One of the other things I learned when visiting Skaneateles*, NY for Will and Gina’s wedding was that I would not enjoy living in Skaneateles, NY. It’s just not for me. If I wanted to do anything on a Saturday night other than drink or watch one of the 10 most popular movies in America, I’d be shit out of luck. I could drive half an hour to Syracuse if I wanted to hit up the Barnes & Noble. Or I could take in a show at Syracuse University’s Storch Theatre (oh, look, they’re putting on Cabaret next season! And RENT! Isn’t that just, fuck it, I can’t even feign enthusiasm).
Don’t take the above to mean that I’m making fun of small town America. I’m not. The majority of this country is small towns: thirty to ninety minutes from the nearest metropolis. They’re served by a few high schools, one community college, a string of questionable Chinese restaurants and a Target. If you inherit your dad’s used car dealership you’re something of a big deal. The people who live there aren’t any happier, in the aggregate, than folks who live in big cities. But they aren’t any unhappier either. They deal with the same career frustrations and pregnancy scares that we do. And if I had to live there I would go mad.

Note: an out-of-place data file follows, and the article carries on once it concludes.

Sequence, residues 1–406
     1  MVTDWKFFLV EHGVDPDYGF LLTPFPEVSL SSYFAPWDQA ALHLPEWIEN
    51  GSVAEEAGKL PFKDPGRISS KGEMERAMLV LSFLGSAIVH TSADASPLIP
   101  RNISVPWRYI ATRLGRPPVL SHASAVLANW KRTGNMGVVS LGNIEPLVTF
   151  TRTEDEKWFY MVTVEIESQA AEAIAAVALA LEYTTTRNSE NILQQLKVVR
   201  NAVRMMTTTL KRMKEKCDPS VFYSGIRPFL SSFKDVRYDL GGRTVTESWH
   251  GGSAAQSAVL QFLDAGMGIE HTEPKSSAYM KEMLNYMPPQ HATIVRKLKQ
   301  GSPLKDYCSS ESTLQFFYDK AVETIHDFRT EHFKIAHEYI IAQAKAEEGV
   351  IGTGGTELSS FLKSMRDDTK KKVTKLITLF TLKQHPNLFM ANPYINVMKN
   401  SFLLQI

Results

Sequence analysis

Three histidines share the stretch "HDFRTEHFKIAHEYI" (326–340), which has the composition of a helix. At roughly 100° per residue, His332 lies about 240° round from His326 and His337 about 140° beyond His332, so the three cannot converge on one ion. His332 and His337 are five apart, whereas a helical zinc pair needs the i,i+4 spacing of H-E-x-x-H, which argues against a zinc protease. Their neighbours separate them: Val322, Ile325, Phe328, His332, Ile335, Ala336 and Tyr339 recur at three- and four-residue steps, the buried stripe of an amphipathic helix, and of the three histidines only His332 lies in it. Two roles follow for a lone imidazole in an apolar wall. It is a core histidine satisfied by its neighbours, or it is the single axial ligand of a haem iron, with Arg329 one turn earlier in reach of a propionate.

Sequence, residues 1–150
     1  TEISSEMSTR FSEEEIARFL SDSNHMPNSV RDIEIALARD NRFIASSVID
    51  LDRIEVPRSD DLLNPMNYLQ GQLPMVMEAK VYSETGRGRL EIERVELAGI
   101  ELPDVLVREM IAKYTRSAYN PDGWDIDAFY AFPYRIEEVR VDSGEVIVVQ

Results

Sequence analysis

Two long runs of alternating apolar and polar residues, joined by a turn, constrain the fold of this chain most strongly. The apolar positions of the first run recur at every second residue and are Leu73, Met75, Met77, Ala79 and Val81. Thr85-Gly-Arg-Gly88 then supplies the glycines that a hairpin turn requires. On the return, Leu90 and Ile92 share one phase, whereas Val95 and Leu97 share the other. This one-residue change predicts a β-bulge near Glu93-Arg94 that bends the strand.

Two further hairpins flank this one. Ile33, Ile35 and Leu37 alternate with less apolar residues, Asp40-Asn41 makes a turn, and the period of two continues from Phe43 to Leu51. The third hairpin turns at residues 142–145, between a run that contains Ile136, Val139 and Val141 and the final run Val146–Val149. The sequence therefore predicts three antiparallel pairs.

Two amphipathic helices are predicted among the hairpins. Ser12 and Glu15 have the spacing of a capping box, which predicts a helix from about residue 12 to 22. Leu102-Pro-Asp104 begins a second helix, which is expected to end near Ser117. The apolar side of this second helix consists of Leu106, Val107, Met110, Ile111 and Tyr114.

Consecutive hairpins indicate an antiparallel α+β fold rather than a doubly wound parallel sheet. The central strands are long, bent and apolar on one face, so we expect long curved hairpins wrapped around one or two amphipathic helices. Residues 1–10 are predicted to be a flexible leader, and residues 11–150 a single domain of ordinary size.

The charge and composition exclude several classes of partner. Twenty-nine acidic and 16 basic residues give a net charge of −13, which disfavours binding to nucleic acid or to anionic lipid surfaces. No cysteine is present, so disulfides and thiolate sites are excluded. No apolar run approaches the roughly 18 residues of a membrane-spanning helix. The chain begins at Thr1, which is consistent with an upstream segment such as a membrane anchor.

Those small towns are just as much a part of America as Boston is. Those people follow the same laws, watch the same TV shows and drive the same cars. But the “America” you’re exposed to at 12:30 in the afternoon in the Walmart in Auburn, NY looks nothing like the “America” you’re exposed to in the Prudential Center Mall in Boston, MA. You might as well be visiting Estonia. And I suspect a lot of the political incoherency that describes the American experiment comes from this disconnect. Blue-staters can’t imagine what it’s like to fear that national health care might be a gateway to fascism. Red-staters can’t imagine what it’s like to champion the civil liberties of suspected terrorists. But both of those are American values.
Of course, the same stores service both these communities: Hess, AT&T Wireless, Old Navy, Starbucks. No matter where you go in this country, you will never be more than a half hour’s drive from a 2-liter bottle of Coca-Cola. Here is wisdom for him that hath understanding.
* Pronounced “Skinny Atlas.”